Did Bear Attack Kill Clinton County Man?

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WOODWARD TOWNSHIP -- State police in Clinton County issued a report Tuesday saying that the death of a man last month was caused by a bear attack.

However, the Pennsylvania Game Commission disagrees with the findings and strongly believes something else led to the man's death.

The Clinton County coroner backs up that state police report which said that while Gary Lininger, 62, was hit by a tree he was cutting, it was not enough to kill him.

Instead state police and the coroner said a bear then attacked Lininger and that is what killed him.

State wildlife officials do not agree.

It was mid-October when Gary Lininger headed out with a chainsaw on the expansive property he called home north of Lock Haven.

State police said he was cutting a tree when it hit him.

The blow either knocked him out or left him dazed. Investigators said a bear then attacked Lininger, which killed him.

That's not how officials with the Pennsylvania Game Commission see it.

"We believe the bear took advantage of what it found, not necessarily, as it's in the report of state police, attacked Mr. Lininger," said David Carlini of the game commission's Northcentral Regional Office.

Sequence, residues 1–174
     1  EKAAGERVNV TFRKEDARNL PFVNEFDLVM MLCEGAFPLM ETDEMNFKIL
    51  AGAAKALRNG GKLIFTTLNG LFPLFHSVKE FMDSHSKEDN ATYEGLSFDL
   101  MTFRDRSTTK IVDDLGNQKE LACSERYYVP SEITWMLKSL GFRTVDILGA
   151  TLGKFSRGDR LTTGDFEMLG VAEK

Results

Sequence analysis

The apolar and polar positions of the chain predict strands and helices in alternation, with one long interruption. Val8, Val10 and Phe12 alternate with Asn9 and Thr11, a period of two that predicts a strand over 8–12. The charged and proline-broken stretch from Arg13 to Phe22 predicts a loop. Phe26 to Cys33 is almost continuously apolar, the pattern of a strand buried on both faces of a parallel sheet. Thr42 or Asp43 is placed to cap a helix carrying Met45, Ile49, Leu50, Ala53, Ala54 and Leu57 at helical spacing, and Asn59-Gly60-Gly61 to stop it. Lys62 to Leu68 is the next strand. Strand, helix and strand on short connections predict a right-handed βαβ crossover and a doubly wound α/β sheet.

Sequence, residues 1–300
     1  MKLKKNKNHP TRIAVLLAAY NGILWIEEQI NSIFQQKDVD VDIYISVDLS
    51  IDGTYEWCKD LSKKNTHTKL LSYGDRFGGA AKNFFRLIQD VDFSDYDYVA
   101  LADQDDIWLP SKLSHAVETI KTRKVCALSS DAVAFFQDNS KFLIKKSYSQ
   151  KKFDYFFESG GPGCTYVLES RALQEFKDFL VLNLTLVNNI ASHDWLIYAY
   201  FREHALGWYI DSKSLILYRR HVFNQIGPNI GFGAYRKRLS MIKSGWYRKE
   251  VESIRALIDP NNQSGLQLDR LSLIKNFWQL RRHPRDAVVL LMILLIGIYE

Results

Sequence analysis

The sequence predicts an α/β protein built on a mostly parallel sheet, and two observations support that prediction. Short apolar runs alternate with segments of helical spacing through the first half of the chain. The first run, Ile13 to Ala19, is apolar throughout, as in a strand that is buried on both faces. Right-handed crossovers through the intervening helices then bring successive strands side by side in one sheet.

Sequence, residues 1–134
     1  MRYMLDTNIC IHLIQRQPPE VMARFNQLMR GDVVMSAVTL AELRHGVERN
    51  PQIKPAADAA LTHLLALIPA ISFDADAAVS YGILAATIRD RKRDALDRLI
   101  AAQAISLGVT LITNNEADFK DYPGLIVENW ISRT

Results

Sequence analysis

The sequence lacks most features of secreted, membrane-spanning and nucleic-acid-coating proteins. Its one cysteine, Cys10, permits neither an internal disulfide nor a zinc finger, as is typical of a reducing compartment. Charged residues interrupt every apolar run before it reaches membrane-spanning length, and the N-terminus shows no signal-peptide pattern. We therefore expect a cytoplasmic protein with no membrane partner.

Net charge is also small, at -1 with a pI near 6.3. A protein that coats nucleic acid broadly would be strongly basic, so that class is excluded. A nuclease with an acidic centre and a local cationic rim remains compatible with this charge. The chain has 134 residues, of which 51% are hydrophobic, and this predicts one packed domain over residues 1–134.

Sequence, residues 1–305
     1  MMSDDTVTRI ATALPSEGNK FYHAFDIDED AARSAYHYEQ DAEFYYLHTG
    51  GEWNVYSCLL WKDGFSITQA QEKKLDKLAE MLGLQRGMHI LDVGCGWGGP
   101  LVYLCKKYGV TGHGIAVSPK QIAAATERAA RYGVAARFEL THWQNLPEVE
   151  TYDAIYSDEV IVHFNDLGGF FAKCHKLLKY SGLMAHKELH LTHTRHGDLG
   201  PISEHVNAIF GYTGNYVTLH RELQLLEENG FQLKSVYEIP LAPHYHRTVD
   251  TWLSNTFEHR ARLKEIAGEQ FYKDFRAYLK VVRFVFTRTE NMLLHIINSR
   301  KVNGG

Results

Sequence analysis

Carlini helped to investigate Lininger's death.

Between the chainsaw running and the victim's injuries, Carlini is not convinced it was a bear attack.

"It could happen at some point, but the facts in this case don't lead us to believe that. Actually, it leads us to believe individual was cutting a tree, it fell on him and injuries he received ultimately caused his death," said Carlini.

Wildlife officials said there are no other documented wild bear attacks that have resulted in death in Pennsylvania.

"Game Commission came to my home and said 'have you seen any bears acting strangely in the woods?' Of course the answer is no," said Tom Piergallini, a neighbor.

Piergallini said there were lots of questions after Lininger's body was found last month. But a bear attack? He thinks officials should be able to tell the difference.

"Bears are opportunist; they will eat anything in the woods including people if you're lying there on the ground, not alive. Could have been a coyote that came by and did the same thing," said Piergallini.

State police said they based the report on the autopsy results which according to the coroner, indicate the blow from the tree was not enough to kill Lininger.

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